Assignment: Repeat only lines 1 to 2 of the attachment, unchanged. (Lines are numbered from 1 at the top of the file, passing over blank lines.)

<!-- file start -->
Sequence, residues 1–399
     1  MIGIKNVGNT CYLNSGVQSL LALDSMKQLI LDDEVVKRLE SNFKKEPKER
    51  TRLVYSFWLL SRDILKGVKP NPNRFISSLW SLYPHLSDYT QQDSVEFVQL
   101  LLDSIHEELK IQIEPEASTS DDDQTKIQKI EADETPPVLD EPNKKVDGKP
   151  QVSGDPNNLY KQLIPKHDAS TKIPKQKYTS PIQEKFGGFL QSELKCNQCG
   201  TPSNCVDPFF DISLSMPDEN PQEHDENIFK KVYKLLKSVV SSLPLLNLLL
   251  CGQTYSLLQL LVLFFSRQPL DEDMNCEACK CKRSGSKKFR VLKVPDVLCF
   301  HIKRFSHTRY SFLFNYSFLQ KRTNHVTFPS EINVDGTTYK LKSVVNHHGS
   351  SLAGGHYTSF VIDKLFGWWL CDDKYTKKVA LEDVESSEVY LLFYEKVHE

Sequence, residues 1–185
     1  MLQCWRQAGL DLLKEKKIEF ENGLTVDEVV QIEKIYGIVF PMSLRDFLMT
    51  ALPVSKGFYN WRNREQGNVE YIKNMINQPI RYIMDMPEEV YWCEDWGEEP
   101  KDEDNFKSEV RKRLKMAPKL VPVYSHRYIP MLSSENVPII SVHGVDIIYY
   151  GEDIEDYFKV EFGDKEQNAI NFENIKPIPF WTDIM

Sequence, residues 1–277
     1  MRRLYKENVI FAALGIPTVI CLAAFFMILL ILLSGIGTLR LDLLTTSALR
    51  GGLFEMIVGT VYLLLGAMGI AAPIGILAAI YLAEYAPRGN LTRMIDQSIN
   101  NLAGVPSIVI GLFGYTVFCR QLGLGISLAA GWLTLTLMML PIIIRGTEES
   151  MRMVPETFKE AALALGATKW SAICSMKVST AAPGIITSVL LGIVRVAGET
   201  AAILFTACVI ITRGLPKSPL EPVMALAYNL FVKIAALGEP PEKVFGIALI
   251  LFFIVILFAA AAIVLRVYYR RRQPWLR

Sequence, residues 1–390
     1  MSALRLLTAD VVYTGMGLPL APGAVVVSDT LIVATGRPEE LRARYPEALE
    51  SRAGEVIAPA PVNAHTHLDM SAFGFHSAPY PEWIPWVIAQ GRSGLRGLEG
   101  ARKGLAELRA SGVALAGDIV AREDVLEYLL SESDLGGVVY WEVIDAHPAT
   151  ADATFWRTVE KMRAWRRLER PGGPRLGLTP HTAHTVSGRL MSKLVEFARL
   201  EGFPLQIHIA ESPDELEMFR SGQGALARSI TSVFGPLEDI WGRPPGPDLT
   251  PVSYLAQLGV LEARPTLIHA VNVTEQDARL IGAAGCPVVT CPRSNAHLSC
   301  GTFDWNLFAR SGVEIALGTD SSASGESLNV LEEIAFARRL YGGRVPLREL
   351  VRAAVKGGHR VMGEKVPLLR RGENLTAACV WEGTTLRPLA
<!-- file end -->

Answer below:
Sequence, residues 1–399
     1  MIGIKNVGNT CYLNSGVQSL LALDSMKQLI LDDEVVKRLE SNFKKEPKER